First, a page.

Today in the press there is a good example of what the world is up against in the struggle to make places that make sense. First, on his website at www.hughpearman.com, the critic Hugh Pearman (I guess you could figure that out…), a Brit, writes a recap on the status of making sustainable buildings and cities around the world. It’s a good piece, and he balances optimism with a (too brief) description of what we’re up against. Whistling in the dark, I think, but he does say, as I did the other day, that we know how to do what needs to be done – we just have to do it, and really fast.
Dongtan, China, by Arup and SOM, a sustainble city now in construction
Next comes a review of a building in Munich. The review appeared in today’s New York Times, and was written by their architecture critic, Nicholas Ouroussoff. The building is called BMW Welt, and was designed by a firm called Coop Himmelb(l)au (no, not a typo). The building looks like this:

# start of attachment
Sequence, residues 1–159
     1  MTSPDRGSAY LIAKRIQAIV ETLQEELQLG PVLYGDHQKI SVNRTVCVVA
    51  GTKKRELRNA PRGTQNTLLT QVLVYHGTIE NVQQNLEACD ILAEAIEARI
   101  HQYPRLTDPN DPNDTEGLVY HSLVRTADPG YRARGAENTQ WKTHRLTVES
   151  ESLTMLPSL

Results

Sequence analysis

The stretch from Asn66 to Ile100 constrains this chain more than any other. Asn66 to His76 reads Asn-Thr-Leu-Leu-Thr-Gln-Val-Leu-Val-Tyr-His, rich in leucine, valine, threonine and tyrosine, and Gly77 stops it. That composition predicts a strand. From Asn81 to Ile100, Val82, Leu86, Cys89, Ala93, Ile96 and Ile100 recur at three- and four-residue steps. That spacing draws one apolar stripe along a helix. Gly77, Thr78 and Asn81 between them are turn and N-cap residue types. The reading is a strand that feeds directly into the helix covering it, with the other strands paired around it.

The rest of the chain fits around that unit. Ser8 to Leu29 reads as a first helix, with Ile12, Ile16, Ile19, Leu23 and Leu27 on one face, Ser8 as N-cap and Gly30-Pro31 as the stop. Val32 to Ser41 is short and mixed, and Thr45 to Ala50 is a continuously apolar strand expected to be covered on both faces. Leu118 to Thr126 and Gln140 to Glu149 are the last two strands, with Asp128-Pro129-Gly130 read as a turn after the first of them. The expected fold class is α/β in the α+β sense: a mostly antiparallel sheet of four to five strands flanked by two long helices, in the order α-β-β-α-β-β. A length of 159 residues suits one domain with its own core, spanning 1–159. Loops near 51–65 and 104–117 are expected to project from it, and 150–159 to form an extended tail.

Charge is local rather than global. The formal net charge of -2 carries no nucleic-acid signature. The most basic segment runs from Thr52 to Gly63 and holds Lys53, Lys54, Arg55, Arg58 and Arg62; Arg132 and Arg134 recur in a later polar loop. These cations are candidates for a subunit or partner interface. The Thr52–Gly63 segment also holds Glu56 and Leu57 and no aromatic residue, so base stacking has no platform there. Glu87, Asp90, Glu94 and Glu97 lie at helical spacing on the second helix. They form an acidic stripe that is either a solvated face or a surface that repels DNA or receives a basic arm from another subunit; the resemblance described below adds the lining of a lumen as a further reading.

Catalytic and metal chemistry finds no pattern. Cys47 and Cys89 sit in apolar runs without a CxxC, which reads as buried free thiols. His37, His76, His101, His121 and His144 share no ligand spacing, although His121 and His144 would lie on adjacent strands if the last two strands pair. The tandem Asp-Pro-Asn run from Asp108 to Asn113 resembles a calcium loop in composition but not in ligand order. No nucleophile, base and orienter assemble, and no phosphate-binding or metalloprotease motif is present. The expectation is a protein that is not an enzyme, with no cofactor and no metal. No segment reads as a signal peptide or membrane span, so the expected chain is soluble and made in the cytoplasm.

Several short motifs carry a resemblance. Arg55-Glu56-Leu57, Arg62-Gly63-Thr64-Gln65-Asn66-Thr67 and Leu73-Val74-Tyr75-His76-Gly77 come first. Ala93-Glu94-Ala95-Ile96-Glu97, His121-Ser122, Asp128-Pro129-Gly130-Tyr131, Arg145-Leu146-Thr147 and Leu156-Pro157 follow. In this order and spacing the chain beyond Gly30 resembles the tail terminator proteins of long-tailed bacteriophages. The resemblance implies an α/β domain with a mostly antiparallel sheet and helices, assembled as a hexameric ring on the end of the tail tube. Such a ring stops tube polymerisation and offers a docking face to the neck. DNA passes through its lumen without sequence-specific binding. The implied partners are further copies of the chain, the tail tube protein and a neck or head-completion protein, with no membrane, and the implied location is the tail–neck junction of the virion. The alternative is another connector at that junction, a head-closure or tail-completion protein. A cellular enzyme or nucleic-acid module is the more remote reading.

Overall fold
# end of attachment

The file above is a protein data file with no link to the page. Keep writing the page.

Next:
BMW Welt, by Coop Himmelb(l)au
Ourousoff says: “the glittering forms of the BMW Welt building appeared, and immediately rekindled my faith in architecture’s future.” Oh? Not mine.
So there, in a nutshell, is what we are up against. The New York Times architecture critic has fallen head over heels for yet another in the latest line of designer label shapes and forms from the starchitects, who are so irrelevant it barely bears noting. Meanwhile, I read this the other day:
“Saving civilization is not a spectator sport,” says Dr. Lester Brown, founder and director of the Earth Policy Institute, and founder and former director of the Worldwatch Institute. “We have reached a point in the deteriorating relationship between us and the earth’s natural systems where we all have to become political activists. Every day counts. We all have a stake in civilization’s survival.”
It is a very, very difficult road ahead. And so many of the most famous architects, and critics, are completely irrelevant in shaping a usable future.